Of all the places that my family and I have traveled, I think my favorite trip was in the summer of 2009 to Durango, Colorado.
When I was four years old, my grandmother began an annual tradition of taking me skiing, usually in Colorado or Arizona. She still tells the story of how, even at such a young age, I talked about wanting to live in Colorado. When we’d go into town for groceries and things, I’d pick up the realty books and talk about where I would live when I was older.
Last summer my family made the trip from Greasy, Oklahoma to Mesa Verde, Colorado pulling our fifth wheel travel trailer. My parents were nice enough to buy a huge four door truck a couple of years ago but even that was cramped with my parents, my best friend, my sister and her stupid little dog. We still had a great time. The purported purpose of the trip was to tour the Fort Lewis College campus to see if I wanted to attend in the fall of 2010. I already knew I wanted to go to college there, but would never pass up a chance to go to Colorado.
We began planning for the trip about six months early and had everything set to leave on Sunday evening. My mom was putting the last of the gear in the truck when she got a phone call that my grandfather had passed away. He’d battled Parkinson’s disease for more than 10 years and was weary and ready to “go home.” My mom was crushed because she’s always been a “Daddy’s girl” and had been taking care of him until her sister came in so we could go to Colorado. As devastated as she was, she insisted that we only postpone the trip until after his services.
So off we went! We trekked across the state of Oklahoma, into Texas, New Mexico, Arizona and north to Colorado. For miles before we got to Cline’s Corner, we started seeing billboards advertising all that we could buy there. We were excited and thought we’d see things there that we simply couldn’t find anywhere else. Our disappointment was very tangible when we arrived and found nothing but a gas station, diner and souvenir shop. So we fueled up and moved on.
The RV park my mom found was directly across from Mesa Verde and the view was absolutely awesome. The park was for sale and my parents even talked about wishing they had the money to buy it and transplant to Colorado. If I hadn’t known I wanted to go to college in Colorado before we got there, I was certain as soon as we arrived. We spent the evening setting up the trailer, then started the real vacation (sorry, Mom…I mean college hunting trip).
The next morning we toured the campus and I was more determined than ever to go to school there. Who wouldn’t want to go to a college that sits at the top of a hill in the most beautiful state in the country? And after all, they have something called an “Outdoor Pursuits” program! I’ll be able to borrow kayaks, canoes, tents, mountain climbing gear, sleeping bags, skis, snowboards and anything else I can use outside. I can only hope to convince the instructors to hold classes outside. After the tour we began roaming the town.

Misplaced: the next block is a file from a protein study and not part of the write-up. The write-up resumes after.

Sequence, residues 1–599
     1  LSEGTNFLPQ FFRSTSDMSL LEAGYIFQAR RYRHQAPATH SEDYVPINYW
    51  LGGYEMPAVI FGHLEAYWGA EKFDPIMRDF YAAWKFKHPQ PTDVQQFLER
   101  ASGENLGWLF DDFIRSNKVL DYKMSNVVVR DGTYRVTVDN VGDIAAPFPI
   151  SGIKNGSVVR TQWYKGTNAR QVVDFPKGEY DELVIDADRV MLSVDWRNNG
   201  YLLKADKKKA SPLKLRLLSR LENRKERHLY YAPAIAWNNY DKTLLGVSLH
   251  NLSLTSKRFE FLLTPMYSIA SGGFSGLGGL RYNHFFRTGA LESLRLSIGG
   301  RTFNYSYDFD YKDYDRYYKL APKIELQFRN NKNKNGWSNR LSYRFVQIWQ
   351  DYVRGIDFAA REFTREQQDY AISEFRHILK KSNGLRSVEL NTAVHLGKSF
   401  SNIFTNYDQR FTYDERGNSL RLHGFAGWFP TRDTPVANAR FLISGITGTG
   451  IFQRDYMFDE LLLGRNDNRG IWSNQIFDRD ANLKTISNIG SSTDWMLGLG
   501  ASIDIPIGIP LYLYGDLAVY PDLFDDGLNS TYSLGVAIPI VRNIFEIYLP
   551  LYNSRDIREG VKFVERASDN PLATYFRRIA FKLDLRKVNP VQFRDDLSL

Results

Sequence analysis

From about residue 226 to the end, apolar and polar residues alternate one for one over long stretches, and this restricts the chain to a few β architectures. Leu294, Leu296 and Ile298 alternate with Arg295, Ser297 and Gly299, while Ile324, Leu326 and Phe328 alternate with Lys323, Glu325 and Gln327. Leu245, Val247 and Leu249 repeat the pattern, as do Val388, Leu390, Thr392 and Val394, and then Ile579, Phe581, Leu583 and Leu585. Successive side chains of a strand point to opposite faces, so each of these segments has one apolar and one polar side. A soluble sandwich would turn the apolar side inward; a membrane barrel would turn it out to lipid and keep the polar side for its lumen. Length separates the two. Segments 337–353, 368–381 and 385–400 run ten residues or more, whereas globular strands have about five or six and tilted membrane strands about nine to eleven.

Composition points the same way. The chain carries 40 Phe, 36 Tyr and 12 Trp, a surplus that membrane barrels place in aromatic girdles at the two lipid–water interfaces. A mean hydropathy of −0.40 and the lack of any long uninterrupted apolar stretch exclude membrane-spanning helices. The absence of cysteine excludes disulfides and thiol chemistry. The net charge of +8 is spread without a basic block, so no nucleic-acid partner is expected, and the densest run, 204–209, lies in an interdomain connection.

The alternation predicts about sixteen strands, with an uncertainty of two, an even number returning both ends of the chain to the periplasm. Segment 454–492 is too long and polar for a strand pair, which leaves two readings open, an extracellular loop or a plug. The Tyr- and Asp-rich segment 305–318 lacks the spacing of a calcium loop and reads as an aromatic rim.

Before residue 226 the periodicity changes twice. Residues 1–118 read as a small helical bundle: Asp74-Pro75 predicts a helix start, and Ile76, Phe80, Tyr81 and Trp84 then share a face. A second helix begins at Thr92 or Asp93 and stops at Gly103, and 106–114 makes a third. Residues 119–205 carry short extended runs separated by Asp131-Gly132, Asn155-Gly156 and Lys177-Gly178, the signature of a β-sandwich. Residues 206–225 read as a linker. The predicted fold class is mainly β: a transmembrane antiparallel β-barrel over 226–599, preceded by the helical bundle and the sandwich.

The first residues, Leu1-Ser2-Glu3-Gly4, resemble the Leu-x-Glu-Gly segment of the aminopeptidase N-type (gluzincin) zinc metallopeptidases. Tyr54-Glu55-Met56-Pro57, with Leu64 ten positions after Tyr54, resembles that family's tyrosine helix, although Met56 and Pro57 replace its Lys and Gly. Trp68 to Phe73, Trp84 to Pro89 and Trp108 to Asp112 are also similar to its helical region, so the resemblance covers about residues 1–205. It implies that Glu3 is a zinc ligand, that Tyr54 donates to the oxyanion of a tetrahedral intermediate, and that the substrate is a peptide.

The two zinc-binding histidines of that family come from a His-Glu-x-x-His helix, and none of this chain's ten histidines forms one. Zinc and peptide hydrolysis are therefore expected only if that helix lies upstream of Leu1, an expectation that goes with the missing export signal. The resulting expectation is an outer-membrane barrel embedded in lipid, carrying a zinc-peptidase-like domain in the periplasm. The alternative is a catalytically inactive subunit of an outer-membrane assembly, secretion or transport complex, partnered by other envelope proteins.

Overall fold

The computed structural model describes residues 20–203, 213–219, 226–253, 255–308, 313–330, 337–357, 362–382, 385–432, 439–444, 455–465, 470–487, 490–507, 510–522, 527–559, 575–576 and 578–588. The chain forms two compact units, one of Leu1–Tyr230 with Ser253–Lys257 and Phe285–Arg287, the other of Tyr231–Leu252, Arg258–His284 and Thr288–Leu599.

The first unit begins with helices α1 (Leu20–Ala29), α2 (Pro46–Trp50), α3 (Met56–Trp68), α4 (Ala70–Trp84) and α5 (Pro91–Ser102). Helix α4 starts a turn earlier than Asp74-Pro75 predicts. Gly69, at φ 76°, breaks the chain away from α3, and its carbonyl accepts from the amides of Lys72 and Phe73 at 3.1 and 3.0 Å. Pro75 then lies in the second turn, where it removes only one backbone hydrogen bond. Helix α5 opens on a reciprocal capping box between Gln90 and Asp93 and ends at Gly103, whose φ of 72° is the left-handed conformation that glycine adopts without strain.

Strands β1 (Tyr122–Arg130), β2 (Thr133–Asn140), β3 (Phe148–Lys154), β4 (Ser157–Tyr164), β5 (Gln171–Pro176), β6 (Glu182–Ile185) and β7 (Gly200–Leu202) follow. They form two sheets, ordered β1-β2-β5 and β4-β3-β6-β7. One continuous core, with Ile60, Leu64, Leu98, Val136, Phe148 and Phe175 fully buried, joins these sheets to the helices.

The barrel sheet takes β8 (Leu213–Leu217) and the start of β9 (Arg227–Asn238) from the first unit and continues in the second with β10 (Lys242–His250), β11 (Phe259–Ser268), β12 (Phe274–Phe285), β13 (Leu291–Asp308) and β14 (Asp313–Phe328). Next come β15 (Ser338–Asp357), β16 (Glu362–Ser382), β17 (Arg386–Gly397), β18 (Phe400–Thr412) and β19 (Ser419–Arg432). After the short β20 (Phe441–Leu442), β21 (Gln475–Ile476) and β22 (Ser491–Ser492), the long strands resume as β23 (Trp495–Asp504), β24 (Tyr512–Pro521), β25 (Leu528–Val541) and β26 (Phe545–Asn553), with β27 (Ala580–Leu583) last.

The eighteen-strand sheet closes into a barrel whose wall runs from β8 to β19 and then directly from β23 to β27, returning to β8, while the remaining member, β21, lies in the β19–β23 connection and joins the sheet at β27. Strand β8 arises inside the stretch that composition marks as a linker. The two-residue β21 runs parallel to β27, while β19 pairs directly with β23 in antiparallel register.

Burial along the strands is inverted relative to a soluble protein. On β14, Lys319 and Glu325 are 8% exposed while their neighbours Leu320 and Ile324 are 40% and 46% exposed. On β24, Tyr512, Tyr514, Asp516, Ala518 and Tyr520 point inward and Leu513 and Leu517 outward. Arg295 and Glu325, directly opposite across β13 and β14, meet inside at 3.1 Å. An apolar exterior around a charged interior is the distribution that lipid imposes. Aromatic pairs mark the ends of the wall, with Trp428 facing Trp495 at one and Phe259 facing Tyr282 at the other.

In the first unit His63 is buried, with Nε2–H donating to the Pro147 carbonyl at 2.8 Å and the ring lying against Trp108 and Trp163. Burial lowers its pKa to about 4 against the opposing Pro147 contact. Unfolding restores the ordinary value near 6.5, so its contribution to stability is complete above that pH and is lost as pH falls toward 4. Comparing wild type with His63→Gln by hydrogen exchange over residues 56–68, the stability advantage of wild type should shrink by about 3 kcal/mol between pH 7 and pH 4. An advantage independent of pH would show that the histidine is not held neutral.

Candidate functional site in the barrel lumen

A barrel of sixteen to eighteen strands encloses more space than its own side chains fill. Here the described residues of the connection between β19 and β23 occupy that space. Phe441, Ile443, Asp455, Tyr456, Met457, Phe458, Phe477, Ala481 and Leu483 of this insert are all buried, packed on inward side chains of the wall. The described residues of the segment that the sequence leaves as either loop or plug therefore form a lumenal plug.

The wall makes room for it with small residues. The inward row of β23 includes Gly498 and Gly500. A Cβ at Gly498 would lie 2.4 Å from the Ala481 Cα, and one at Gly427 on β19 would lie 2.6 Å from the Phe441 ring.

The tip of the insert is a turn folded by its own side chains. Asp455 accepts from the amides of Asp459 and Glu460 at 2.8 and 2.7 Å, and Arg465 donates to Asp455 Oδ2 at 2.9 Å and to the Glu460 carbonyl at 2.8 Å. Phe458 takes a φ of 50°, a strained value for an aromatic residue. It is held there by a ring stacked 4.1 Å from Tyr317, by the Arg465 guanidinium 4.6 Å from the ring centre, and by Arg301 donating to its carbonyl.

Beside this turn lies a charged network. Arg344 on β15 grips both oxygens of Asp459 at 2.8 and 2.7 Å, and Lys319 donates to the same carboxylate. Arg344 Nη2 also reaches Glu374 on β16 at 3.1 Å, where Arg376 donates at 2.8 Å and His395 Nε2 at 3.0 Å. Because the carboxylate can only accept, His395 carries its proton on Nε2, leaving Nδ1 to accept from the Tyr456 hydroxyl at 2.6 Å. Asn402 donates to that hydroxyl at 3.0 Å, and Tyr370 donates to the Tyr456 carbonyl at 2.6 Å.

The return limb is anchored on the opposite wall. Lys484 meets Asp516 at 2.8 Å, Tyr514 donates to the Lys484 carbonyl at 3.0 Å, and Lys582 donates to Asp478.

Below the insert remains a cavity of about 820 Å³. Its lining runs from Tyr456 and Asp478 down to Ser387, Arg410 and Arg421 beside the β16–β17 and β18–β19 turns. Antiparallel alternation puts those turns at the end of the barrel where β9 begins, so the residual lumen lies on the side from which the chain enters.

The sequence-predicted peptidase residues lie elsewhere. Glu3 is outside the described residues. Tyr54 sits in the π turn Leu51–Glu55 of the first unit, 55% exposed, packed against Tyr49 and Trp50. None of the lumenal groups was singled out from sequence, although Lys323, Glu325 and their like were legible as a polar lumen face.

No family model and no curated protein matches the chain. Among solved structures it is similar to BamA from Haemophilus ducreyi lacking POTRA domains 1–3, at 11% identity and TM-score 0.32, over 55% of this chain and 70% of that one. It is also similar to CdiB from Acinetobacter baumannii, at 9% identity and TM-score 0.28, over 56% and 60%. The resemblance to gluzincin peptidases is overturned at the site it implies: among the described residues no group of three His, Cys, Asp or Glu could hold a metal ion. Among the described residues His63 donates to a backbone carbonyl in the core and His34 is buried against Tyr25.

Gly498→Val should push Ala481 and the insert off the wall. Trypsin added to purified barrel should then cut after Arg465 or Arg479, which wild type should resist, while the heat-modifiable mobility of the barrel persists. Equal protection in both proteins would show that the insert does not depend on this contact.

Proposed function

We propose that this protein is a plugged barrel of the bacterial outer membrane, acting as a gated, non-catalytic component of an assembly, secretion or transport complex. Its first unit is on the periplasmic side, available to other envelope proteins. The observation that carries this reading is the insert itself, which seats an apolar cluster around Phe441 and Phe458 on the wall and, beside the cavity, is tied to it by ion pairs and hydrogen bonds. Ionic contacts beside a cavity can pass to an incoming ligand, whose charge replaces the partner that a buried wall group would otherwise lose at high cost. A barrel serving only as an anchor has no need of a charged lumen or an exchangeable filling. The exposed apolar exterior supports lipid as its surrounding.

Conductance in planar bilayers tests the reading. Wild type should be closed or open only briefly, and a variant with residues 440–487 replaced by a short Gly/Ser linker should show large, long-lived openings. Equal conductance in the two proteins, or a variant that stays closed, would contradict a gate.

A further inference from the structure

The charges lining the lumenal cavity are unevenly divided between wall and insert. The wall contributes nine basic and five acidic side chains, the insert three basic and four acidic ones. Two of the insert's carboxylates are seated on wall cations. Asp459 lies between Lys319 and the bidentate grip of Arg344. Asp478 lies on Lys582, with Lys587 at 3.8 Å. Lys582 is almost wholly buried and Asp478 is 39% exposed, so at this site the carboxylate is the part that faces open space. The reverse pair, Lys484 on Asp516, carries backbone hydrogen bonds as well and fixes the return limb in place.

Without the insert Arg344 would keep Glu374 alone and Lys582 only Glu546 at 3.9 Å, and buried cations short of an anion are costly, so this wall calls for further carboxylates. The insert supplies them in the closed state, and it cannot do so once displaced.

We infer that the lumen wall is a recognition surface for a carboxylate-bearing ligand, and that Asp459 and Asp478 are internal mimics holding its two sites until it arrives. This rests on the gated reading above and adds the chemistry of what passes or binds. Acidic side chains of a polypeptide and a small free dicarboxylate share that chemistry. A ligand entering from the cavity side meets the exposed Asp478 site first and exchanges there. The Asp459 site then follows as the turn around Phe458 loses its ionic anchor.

The next day was a trip to Mesa Verde where we saw lots of holes in the ground and were actually awed by the cliff dwellings. The workmanship that went into building homes into the side of a cliff is something that is almost impossible to comprehend. As we walked to Spruce Tree House from the museum we were saddened that so many people simply observed from the back porch of the museum. As we made our way back up to the museum we understood why so many couldn’t make the trip because of the steep grade and watched as my mom huffed and puffed her way up behind us, stopping along the way to catch her breath in the extreme heat.
The last day we were in Durango, we went rafting. The water was perfect for “first-timers” but we had a great time anyway and I hope to be able to raft when the rapids are running a little swifter. My friend, who is actually my girlfriend, was a little intimidated when we talked about going white water rafting so I’m very glad that the water was at the perfect level for her and my little sister.
I have been blessed in my short life to be able to travel as much as I have. When I was younger, I played in soccer tournaments every summer so my parents bought a travel trailer instead of staying in hotels. This gave us the freedom to stop along the way and spend time where we might not otherwise have stopped. I’ve visited 26 states, including Washington, Oregon, Idaho, Utah, Montana, Wyoming, South Dakota, Nebraska, Colorado, Arizona, New Mexico, Arkansas, Missouri, Kansas, Texas, Louisiana, Tennessee, Mississippi, Alabama, Georgia, Florida, North Carolina, Virginia, Washington DC, New Jersey and New York. I hope to complete my visits to all 50 states before I graduate from college. I’ve learned so much from my travels from how long the Yellowstone River is (692 miles), to how to ignore my sister when she’s all jacked up on sugar (headphones and iPod). There is so much learning to be done and not all of it has to be in a classroom, nor does it have to be academic. Sometimes the learning is just about seeing how other people live, what foods they eat and how they enjoy their leisure time. Once I finish my education, I hope to settle down and start a family and be a part of the teaching experience, as my parents have been able to teach me.
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